As defined herein, sterilization refers to treatment at ultra-high temperatures of over 138° C. for over 2 seconds. Most preferably, sterilization is performed at about 140-150° C. for approximately 4-6 seconds. After sterilization and packaging in air-tight containers, sterilized milk may be stored at room temperature for up to 12 months without degradation.

It is known that para-cresol develops in sterilized milk when the enzymes glucuronidase and aryl sulfatase have been added (J. Agr. Food Chem. Vol. 1, 1973). It is believed that when native gellan gum is combined with milk and sterilized, small amounts of the residual enzymes found in native gellan gum(presumably glucuronidase and aryl sulfatase) survive the ultra-high temperature heat processing. Over time, these residual enzymes in the native gellan gum cleave the naturally occurring para-cresol conjugates in the sterilized native gellan/milk composition to generate free para-cresol.

Without being bound by theory, it is furthermore believed that para-cresol production can be disrupted by denaturing the residual enzymes that reside in the native gellan gum. In particular, para-cresol production can be interrupted by addition of a denaturing agent.

The denaturing agent of this invention is any agent capable of disrupting the enzymatic pathway by which para-cresol is produced. In one preferred embodiment, the denaturing agent is an oxidative agent, such as hydrogen peroxide, ozone or any of the hypochlorite salts. Most preferably, the oxidative agent is sodium hypochlorite.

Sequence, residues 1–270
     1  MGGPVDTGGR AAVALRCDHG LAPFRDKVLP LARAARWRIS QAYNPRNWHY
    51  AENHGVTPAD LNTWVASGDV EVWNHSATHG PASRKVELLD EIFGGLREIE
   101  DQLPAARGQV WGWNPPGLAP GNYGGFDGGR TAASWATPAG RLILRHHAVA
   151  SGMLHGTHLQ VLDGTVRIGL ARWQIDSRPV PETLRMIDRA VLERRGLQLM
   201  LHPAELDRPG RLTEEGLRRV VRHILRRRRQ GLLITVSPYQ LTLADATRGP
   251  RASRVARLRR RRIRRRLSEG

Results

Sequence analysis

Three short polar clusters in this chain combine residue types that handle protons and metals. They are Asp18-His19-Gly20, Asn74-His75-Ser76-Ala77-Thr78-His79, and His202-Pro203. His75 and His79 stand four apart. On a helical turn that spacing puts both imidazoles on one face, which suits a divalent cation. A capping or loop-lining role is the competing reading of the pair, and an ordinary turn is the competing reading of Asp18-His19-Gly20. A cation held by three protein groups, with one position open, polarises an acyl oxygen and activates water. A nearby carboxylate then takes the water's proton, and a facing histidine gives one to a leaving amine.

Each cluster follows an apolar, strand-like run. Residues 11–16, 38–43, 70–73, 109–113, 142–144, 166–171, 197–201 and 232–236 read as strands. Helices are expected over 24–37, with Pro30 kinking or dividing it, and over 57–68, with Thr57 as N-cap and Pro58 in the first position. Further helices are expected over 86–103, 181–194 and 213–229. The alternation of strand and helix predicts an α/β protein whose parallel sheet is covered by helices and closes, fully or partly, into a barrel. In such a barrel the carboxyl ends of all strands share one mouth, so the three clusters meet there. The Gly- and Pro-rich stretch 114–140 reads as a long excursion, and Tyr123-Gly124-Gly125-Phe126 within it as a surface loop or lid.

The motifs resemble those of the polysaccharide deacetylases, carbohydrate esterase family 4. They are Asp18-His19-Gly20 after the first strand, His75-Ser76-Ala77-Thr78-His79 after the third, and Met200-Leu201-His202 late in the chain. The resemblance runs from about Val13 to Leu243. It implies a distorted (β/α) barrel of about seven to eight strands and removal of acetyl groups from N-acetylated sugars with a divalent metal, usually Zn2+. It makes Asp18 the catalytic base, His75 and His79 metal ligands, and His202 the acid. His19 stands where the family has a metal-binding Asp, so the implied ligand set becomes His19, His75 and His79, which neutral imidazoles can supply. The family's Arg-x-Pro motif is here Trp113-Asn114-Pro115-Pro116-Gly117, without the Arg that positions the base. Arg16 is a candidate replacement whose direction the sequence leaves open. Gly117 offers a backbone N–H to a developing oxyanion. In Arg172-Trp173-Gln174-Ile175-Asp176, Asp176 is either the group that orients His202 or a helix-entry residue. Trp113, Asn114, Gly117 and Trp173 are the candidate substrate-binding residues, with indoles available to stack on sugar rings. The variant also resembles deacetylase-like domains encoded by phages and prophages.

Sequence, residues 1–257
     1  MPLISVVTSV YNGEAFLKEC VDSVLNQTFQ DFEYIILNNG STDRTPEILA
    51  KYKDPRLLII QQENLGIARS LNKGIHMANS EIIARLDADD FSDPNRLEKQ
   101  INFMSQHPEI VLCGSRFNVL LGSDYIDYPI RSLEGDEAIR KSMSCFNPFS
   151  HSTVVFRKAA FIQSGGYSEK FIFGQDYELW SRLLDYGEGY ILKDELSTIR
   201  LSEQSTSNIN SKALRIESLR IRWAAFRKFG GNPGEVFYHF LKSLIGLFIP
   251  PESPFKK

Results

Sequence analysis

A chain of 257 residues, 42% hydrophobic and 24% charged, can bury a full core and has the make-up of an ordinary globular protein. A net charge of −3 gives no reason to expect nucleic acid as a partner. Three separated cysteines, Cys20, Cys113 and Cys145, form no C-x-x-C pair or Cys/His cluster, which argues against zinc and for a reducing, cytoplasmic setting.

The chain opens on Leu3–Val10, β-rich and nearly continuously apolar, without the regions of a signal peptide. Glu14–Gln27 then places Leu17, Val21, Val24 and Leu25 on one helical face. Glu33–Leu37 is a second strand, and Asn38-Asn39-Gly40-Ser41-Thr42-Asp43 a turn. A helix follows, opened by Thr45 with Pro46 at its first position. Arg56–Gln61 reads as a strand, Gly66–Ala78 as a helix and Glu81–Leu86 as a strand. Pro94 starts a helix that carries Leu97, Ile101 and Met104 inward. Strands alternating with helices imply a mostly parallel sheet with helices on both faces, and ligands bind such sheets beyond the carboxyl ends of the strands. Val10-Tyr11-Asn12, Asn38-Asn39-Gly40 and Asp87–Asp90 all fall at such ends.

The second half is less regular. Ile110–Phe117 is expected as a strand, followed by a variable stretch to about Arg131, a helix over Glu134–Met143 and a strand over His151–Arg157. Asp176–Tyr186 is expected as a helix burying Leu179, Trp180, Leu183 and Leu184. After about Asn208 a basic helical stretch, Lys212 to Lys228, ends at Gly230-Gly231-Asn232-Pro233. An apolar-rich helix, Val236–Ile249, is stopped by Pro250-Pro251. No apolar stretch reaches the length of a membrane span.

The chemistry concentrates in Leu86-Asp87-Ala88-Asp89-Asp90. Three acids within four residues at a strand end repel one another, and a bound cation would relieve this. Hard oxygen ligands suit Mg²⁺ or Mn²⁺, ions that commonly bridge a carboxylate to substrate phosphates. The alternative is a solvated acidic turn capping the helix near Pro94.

In another preferred embodiment, the denaturing agent is an alkaline caustic agent selected from the group consisting of hydroxide salts, carbonate salts, alkaline phosphate salts or other alkaline caustic agents well-known in the art. Preferred alkaline caustic agents include potassium hydroxide (KOH), sodium hydroxide (NaOH), trisodium- or tetrasodium-polyphosphate.

Additional steps may be performed to optimize para-cresol reduction. A further optional step of adding a chelating agent may be performed during treatment with the denaturing agent. In addition, after treatment with the denaturing agent and the optional chelating agent, the native gellan gum may be subjected to treatment with lysozyme or protease to break up residual cellular debris. Alternatively, if a caustic agent such as KOH is used, then lysozyme may be added prior to addition of KOH, so that the lysozyme may function at its optimal pH, which is acidic to neutral. In this alternative method, the gellan gum is treated first with lysozyme, followed by treatment with the alkaline caustic agent and optional neutralization, then treatment with a protease. The protease is capable of reacting at a pH of about 8 or higher. This latter alternative method optimizes pH conditions in order to provide optimal reactive conditions.

In each of the above embodiments, para-cresol production in the sterilized native gellan/milk composition is reduced to preferably less than about 25 ppb after 12 months storage, or most preferably, to an undetectable level. Testing for para-cresol may be performed by odor or taste, i.e., a rudimentary mouth swirl test. Typically, para-cresol can be detected by taste in concentrations as low as 2 ppb in water. In addition, precise quantification of para-cresol content may be performed by extracting milk continuously in a liquid-liquid extractor with equal parts dichloromethane. The organic phase of the solution can then be dried over anyhydrous sodium sulfate, then concentrated in a Danish-Kuderna apparatus. The concentrated extract can then be analyzed by gas chromatographic-mass spectroscopy, with quantification being achieved by using known solutions of para-cresol. The above quantification method detects para-cresol levels to a minimum of 0.5 ppb.